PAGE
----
Authors:
 [1]
  1. Univ. of Grenoble (France)
Publication Date:
Research Org.:
Brookhaven National Laboratory (BNL), Upton, NY (United States)
Sponsoring Org.:
USDOE Office of Science (SC), Nuclear Physics (NP) (SC-26)
OSTI Identifier:
1351800
Report Number(s):
BNL-113766-2017-TH
R&D Project: KBCH139; KB0202011
DOE Contract Number:
SC00112704
Resource Type:
Technical Report
Country of Publication:
United States
Language:
English
Subject:
43 PARTICLE ACCELERATORS

Citation Formats

Tahar, Malek Haj. High power ring methods and accelerator driven subcritical reactor application. United States: N. p., 2016. Web. doi:10.2172/1351800.
Tahar, Malek Haj. High power ring methods and accelerator driven subcritical reactor application. United States. doi:10.2172/1351800.
Tahar, Malek Haj. Sun . "High power ring methods and accelerator driven subcritical reactor application". United States. doi:10.2172/1351800. https://www.osti.gov/servlets/purl/1351800.
@article{osti_1351800,
title = {High power ring methods and accelerator driven subcritical reactor application},
author = {Tahar, Malek Haj},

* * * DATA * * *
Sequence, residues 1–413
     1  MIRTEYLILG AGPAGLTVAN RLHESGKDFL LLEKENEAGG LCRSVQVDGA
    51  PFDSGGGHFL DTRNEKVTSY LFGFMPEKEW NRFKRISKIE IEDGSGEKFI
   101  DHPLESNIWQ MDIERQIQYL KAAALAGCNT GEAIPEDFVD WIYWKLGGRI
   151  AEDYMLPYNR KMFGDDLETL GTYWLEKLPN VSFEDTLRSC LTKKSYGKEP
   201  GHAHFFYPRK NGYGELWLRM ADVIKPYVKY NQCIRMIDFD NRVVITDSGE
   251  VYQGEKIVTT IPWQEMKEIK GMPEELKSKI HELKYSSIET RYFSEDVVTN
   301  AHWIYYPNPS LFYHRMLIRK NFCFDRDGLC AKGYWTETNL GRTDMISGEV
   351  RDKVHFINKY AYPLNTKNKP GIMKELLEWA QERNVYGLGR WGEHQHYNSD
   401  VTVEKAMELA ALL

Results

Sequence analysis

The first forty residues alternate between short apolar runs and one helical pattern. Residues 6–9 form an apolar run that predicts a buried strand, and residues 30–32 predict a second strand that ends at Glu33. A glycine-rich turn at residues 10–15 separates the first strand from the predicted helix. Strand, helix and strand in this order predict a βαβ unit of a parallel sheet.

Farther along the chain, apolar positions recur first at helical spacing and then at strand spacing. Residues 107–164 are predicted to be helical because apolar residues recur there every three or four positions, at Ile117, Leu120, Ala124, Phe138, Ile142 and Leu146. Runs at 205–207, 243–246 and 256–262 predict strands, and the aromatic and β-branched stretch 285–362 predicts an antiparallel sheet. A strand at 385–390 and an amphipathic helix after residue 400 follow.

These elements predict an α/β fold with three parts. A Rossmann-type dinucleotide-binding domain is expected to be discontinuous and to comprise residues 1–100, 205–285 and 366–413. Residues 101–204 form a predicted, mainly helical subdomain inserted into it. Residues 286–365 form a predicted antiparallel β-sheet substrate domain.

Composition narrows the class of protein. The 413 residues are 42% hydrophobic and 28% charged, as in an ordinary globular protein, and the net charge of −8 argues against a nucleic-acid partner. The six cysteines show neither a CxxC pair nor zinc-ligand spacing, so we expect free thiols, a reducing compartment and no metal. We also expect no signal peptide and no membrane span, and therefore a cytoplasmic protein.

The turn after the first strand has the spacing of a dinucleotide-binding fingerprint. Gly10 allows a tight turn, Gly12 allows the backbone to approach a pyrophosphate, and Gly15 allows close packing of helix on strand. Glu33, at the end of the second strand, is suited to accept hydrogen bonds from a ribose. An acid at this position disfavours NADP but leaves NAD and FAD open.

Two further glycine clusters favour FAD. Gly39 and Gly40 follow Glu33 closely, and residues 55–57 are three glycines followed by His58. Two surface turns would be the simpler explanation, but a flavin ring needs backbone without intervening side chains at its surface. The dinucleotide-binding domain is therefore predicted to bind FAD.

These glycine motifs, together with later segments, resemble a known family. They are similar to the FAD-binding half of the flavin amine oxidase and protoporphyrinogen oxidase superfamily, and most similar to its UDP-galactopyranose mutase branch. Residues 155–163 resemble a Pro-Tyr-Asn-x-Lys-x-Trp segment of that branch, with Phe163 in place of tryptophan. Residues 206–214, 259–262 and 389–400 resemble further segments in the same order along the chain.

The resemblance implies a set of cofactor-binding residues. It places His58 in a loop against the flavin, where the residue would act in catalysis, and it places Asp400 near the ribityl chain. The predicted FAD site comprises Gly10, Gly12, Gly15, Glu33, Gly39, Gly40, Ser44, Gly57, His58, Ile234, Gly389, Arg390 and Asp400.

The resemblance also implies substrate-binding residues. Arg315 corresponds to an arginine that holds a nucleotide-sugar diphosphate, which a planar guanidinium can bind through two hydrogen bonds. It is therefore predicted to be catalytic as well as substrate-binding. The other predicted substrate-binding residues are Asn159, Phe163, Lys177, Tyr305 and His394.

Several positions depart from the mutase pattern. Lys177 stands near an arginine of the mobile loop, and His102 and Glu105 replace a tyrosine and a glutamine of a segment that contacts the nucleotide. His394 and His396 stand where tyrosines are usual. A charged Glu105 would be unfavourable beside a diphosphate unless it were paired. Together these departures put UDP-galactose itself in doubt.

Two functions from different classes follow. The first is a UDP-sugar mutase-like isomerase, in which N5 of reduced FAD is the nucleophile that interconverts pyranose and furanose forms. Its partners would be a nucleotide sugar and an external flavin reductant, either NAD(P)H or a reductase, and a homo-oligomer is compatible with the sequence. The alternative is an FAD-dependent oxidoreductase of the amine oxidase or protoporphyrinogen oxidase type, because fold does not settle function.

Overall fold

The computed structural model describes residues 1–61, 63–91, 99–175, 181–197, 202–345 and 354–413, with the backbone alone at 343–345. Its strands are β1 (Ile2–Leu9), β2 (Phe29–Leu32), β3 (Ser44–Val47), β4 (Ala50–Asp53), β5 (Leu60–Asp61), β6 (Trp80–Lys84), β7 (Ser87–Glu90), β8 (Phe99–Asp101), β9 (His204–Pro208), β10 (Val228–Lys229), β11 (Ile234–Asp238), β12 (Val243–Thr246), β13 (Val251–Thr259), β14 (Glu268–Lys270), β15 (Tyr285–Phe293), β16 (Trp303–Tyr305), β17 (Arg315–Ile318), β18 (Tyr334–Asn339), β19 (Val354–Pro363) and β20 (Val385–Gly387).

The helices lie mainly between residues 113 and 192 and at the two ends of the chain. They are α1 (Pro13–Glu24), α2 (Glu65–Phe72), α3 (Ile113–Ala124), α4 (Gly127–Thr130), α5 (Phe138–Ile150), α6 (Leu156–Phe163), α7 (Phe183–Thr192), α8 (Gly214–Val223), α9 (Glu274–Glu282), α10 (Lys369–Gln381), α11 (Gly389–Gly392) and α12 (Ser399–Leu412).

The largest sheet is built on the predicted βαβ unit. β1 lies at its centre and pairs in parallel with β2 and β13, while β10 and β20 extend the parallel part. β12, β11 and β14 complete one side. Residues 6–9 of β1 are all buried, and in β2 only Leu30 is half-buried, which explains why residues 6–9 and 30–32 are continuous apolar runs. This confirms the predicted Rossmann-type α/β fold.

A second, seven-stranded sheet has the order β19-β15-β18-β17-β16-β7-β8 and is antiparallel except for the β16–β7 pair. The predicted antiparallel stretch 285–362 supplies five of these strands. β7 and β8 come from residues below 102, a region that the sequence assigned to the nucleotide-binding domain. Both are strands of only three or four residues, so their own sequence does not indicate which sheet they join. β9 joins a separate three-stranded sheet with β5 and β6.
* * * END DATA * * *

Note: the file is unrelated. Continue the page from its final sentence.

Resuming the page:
abstractNote = {High power proton accelerators allow providing, by spallation reaction, the neutron fluxes necessary in the synthesis of fissile material, starting from Uranium 238 or Thorium 232. This is the basis of the concept of sub-critical operation of a reactor, for energy production or nuclear waste transmutation, with the objective of achieving cleaner, safer and more efficient process than today’s technologies allow. Designing, building and operating a proton accelerator in the 500-1000 MeV energy range, CW regime, MW power class still remains a challenge nowadays. There is a limited number of installations at present achieving beam characteristics in that class, e.g., PSI in Villigen, 590 MeV CW beam from a cyclotron, SNS in Oakland, 1 GeV pulsed beam from a linear accelerator, in addition to projects as the ESS in Europe, a 5 MW beam from a linear accelerator. Furthermore, coupling an accelerator to a sub-critical nuclear reactor is a challenging proposition: some of the key issues/requirements are the design of a spallation target to withstand high power densities as well as ensure the safety of the installation. These two domains are the grounds of the PhD work: the focus is on the high power ring methods in the frame of the KURRI FFAG collaboration in Japan: upgrade of the installation towards high intensity is crucial to demonstrate the high beam power capability of FFAG. Thus, modeling of the beam dynamics and benchmarking of different codes was undertaken to validate the simulation results. Experimental results revealed some major losses that need to be understood and eventually overcome. By developing analytical models that account for the field defects, one identified major sources of imperfection in the design of scaling FFAG that explain the important tune variations resulting in the crossing of several betatron resonances. A new formula is derived to compute the tunes and properties established that characterize the effect of the field imperfections on the transverse beam dynamics. The results obtained allow to develop a correction scheme to minimize the tune variations of the FFAG. This is the cornerstone of a new fixed tune non-scaling FFAG that represents a potential candidate for high power applications. As part of the developments towards high power at the KURRI FFAG, beam dynamics studies have to account for space charge effects. In that framework, models have been installed in the tracking code ZGOUBI to account for the self-interaction of the particles in the accelerator. Application to the FFAG studies is shown. Finally, one focused on the ADSR concept as a candidate to solve the problem of nuclear waste. In order to establish the accelerator requirements, one compared the performance of ADSR with other conventional critical reactors by means of the levelized cost of energy. A general comparison between the different accelerator technologies that can satisfy these requirements is finally presented. In summary, the main drawback of the ADSR technology is the high Levelized Cost Of Energy compared to other advanced reactor concepts that do not employ an accelerator. Nowadays, this is a show-stopper for any industrial application aiming at producing energy (without dealing with the waste problem). Besides, the reactor is not intrinsically safer than critical reactor concepts, given the complexity of managing the target interface between the accelerator and the reactor core.},